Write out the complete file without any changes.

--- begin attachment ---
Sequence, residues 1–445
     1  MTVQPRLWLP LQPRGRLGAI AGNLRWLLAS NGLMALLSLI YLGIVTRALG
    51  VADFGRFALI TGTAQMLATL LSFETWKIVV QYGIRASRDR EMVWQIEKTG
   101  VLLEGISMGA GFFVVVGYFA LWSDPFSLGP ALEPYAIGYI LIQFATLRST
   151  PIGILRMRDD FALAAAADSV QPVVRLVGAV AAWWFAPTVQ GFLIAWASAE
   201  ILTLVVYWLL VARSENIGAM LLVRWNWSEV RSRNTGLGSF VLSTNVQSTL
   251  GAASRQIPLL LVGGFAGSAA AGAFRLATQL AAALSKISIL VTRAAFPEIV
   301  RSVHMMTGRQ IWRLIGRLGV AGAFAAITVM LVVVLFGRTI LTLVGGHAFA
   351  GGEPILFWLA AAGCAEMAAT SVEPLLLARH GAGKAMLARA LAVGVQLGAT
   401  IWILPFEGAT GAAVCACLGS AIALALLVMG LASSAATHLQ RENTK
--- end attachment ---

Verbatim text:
Sequence, residues 1–445
     1  MTVQPRLWLP LQPRGRLGAI AGNLRWLLAS NGLMALLSLI YLGIVTRALG
    51  VADFGRFALI TGTAQMLATL LSFETWKIVV QYGIRASRDR EMVWQIEKTG
   101  VLLEGISMGA GFFVVVGYFA LWSDPFSLGP ALEPYAIGYI LIQFATLRST
   151  PIGILRMRDD FALAAAADSV QPVVRLVGAV AAWWFAPTVQ GFLIAWASAE
   201  ILTLVVYWLL VARSENIGAM LLVRWNWSEV RSRNTGLGSF VLSTNVQSTL
   251  GAASRQIPLL LVGGFAGSAA AGAFRLATQL AAALSKISIL VTRAAFPEIV
   301  RSVHMMTGRQ IWRLIGRLGV AGAFAAITVM LVVVLFGRTI LTLVGGHAFA
   351  GGEPILFWLA AAGCAEMAAT SVEPLLLARH GAGKAMLARA LAVGVQLGAT
   401  IWILPFEGAT GAAVCACLGS AIALALLVMG LASSAATHLQ RENTK